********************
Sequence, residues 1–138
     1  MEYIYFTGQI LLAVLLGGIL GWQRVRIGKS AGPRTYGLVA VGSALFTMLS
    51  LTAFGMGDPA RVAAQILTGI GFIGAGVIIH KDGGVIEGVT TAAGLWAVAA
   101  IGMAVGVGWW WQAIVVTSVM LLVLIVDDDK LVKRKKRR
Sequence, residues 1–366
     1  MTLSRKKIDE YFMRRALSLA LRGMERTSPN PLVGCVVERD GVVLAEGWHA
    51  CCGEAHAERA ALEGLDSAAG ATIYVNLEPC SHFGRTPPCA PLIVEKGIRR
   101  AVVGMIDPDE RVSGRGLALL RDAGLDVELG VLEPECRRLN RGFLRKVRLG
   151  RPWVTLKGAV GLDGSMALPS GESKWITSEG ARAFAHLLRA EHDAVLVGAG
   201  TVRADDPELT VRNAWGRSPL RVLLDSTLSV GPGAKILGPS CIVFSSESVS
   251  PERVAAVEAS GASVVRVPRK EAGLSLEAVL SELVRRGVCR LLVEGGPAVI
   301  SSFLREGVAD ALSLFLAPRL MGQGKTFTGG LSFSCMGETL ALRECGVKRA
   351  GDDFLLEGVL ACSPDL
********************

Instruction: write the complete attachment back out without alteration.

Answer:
Sequence, residues 1–138
     1  MEYIYFTGQI LLAVLLGGIL GWQRVRIGKS AGPRTYGLVA VGSALFTMLS
    51  LTAFGMGDPA RVAAQILTGI GFIGAGVIIH KDGGVIEGVT TAAGLWAVAA
   101  IGMAVGVGWW WQAIVVTSVM LLVLIVDDDK LVKRKKRR
Sequence, residues 1–366
     1  MTLSRKKIDE YFMRRALSLA LRGMERTSPN PLVGCVVERD GVVLAEGWHA
    51  CCGEAHAERA ALEGLDSAAG ATIYVNLEPC SHFGRTPPCA PLIVEKGIRR
   101  AVVGMIDPDE RVSGRGLALL RDAGLDVELG VLEPECRRLN RGFLRKVRLG
   151  RPWVTLKGAV GLDGSMALPS GESKWITSEG ARAFAHLLRA EHDAVLVGAG
   201  TVRADDPELT VRNAWGRSPL RVLLDSTLSV GPGAKILGPS CIVFSSESVS
   251  PERVAAVEAS GASVVRVPRK EAGLSLEAVL SELVRRGVCR LLVEGGPAVI
   301  SSFLREGVAD ALSLFLAPRL MGQGKTFTGG LSFSCMGETL ALRECGVKRA
   351  GDDFLLEGVL ACSPDL